Small RNA Library Construction

The small RNA library construction and deep sequencing was carried out at University of Texas Southwestern Medical Center Microarray Core Facility. Samples were prepared using Illumina Small RNA Sample Prep kit according to the Small RNA v1.5 Sample Preparation Guide. Approximately 10 µg of total RNA was used for the small RNA library construction. The v1.5 sRNA 3′ and SRA 5′ adaptors (Illumina, San Diego, CA, USA) were added to both ends of the small RNAs. The 3′ and 5′ ligated RNAs were used as templates for reverse transcription followed by PCR amplification. The enriched cDNA constructs were size-fractionated on a 6% polyacrylamide gel electrophoresis and the bands containing the 22–30 nucleotide RNA fragments (93–100 nucleotide in length with both adapters) were purified. The concentrations of the size-fractionated cDNA libraries were determined using a NanoDrop ND-1000 Spectrophotometer and the size and purity were determined using an Agilent 2100 Bioanalyzer in combination with the Agilent DNA 1000 Kit. The purified DNA was used directly for cluster generation and sequence analysis using the Illumina Genome Analyzer II (Illumina) according to the manufacturer's instructions (36 cycle single read cluster kit v4 and sequence kit v4). Images taken during the sequencing reactions were analyzed with the Illumina software, performing the base-calling with Bustard and sequence analysis with Gerald.

Identification of Novel miRNA Candidates

To predict novel miRNAs, the miRanalyzer standalone version [34] was used. All reads that were mapped to a non-redundant set of known rat miRNAs from miRBase version 17 were removed. All mappings are performed using Bowtie, an ultrafast and memory-efficient alignment program for aligning short DNA sequence reads to genomes [57]. The remaining reads were then aligned to a non-redundant set of all known miRNAs except for rat miRNAs from miRBase version 17. These mapped reads were retained and considered as belonging to putatively homologous miRNAs (detected in other species but so far not in rat). Those retained reads were mapped to the rat genome with a seed length of 19 nt allowing 1 mismatch. The genome-mapped reads were then clustered on the rat genome and the read clusters were used for the prediction of miRNAs as described previously [34]. Thus, the novel miRNAs detected in this way are homologous to those in other species.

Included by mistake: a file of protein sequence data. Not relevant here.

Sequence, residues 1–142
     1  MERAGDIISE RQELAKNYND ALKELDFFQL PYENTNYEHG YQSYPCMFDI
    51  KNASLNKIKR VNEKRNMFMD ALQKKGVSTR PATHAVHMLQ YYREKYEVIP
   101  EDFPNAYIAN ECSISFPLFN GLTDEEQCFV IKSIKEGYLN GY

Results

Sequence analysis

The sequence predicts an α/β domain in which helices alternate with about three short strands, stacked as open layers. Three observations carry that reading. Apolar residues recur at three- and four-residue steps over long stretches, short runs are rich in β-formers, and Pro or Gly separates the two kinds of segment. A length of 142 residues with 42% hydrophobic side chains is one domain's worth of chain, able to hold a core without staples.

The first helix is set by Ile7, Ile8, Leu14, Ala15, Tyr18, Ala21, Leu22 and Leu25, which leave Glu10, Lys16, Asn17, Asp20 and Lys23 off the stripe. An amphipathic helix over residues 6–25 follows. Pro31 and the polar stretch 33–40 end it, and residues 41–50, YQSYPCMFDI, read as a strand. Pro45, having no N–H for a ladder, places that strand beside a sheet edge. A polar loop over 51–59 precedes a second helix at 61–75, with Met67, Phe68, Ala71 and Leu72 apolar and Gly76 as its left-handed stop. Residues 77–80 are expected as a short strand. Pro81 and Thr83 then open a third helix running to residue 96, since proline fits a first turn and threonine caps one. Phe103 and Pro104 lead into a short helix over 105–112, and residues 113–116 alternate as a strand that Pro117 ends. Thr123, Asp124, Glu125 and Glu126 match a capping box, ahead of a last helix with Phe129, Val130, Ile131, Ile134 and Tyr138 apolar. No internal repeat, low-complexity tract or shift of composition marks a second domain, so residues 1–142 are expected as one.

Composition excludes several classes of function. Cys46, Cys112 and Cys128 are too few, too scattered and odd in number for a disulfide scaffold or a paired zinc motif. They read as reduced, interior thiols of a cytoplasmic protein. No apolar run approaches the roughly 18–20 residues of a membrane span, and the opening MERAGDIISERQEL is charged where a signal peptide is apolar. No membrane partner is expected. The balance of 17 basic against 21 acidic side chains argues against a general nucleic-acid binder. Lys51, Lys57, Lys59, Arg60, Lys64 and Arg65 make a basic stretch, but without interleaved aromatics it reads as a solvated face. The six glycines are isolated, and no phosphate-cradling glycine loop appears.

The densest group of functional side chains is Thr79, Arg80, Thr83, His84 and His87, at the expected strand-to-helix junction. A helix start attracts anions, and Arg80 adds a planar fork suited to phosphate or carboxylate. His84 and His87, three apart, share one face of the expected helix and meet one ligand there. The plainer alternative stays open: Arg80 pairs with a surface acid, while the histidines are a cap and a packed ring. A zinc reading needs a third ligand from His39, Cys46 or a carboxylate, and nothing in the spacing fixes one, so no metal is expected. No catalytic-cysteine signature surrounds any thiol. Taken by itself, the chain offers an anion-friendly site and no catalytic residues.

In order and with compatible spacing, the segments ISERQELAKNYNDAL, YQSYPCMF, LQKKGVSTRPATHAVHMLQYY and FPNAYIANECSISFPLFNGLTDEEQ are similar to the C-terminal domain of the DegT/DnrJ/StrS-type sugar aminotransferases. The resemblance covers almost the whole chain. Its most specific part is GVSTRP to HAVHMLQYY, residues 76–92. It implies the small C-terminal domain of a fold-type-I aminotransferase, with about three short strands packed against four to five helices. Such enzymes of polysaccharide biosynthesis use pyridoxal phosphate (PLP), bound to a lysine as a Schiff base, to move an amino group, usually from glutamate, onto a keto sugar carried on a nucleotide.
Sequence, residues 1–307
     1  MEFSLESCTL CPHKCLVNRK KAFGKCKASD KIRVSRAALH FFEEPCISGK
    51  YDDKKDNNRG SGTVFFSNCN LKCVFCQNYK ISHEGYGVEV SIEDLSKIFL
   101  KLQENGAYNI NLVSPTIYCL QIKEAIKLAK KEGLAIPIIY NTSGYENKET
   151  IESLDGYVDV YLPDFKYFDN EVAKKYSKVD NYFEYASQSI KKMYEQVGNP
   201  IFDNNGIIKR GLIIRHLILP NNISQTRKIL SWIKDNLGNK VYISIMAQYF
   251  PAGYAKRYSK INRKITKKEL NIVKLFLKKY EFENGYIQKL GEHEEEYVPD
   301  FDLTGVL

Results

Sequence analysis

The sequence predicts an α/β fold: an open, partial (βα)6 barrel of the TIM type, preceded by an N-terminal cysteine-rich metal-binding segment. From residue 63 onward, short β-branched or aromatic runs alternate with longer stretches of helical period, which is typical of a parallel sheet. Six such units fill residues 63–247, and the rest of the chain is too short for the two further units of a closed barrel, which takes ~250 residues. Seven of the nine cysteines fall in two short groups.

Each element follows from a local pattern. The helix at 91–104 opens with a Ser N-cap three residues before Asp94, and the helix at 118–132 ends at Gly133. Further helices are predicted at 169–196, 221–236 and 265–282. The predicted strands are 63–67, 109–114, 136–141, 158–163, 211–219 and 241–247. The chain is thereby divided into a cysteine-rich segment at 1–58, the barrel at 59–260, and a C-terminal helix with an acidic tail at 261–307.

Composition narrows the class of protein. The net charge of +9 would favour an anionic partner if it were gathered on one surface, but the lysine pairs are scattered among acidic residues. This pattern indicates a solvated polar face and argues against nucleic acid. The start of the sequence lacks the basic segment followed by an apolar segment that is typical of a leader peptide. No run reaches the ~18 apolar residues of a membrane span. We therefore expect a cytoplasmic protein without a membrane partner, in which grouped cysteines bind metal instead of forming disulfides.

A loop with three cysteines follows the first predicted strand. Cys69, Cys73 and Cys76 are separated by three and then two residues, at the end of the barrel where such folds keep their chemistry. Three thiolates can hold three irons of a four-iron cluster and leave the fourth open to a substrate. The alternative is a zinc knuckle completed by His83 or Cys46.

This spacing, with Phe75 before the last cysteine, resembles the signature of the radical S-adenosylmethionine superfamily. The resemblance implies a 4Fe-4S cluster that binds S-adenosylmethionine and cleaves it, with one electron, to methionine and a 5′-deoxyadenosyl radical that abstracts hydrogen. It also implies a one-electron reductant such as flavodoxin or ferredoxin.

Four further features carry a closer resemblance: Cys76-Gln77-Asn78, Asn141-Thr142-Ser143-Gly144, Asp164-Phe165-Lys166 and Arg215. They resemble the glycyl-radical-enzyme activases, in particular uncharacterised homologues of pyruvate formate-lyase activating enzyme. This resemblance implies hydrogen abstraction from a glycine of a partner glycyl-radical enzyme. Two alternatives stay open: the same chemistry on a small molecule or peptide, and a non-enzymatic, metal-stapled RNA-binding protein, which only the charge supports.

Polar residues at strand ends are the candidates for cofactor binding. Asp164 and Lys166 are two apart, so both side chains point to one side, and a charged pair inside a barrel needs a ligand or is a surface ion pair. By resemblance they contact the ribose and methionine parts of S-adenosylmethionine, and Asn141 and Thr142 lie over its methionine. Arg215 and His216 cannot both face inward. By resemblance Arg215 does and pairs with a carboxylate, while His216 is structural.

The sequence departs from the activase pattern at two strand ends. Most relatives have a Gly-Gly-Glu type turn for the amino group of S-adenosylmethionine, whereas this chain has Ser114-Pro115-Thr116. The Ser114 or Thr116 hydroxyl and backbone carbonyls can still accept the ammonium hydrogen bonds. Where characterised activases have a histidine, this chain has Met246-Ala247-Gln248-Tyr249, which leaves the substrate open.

To detect rat-specific novel miRNAs, all reads that were mapped to known miRNAs in miRBase version 17 and other known small RNAs were removed. The known small RNAs include 1) RNA from RFam 10.1 [58], 2) tRNA from the GtRNAdb [59] and 3) piRNA from RNAdb [60] and mRNAs from The Reference Sequence (RefSeq) database [61]. The remaining reads were input into miRanalyzer for analysis to select the candidate rat-specific novel miRNAs.

The consensus sequences of the novel rat homologous, rat-specific mature and pre-miRNAs were predicted at least 4 of 8 rat kidney samples by the miRanalyzer differential expression module. The NGS reads from all 8 samples were then mapped to the rat genome. Novel rat pre-miRNAs were identified based on the presence of a classic hairpin structure, Dicer cleavage pattern (a characteristic 2 nucleotide 3′ overhang), the mature and mature* sequences, and conservative 5′ sequence, as well as detectable expression (NGS read count).

Mature miRNAs tend to have several length variants and the consensus sequence frequently is found to be longer than the predominant form (the most expressed read) [10]. Here, the length of the most expressed read was considered as the length of the mature miRNAs. The pre-miRNA is defined as the sequence that starts at the first bulge (regions in which one strand of a miRNA has “extra” inserted bases with no counterparts in the opposite strand) before the 5′ mature miRNA and ends at the corresponding position in 3′. The minimum length of pre-miRNA is 65 nt if the flanking side of the pre-miRNA does not reach the next bulge.

The secondary structures of rat miRNAs were determined by the RNAfold using minimum free energy (MFE) algorithm. RNAfold is a web server and widely used for prediction of RNA structures [62], [63].

Custom Vertebrate miRNA Microarray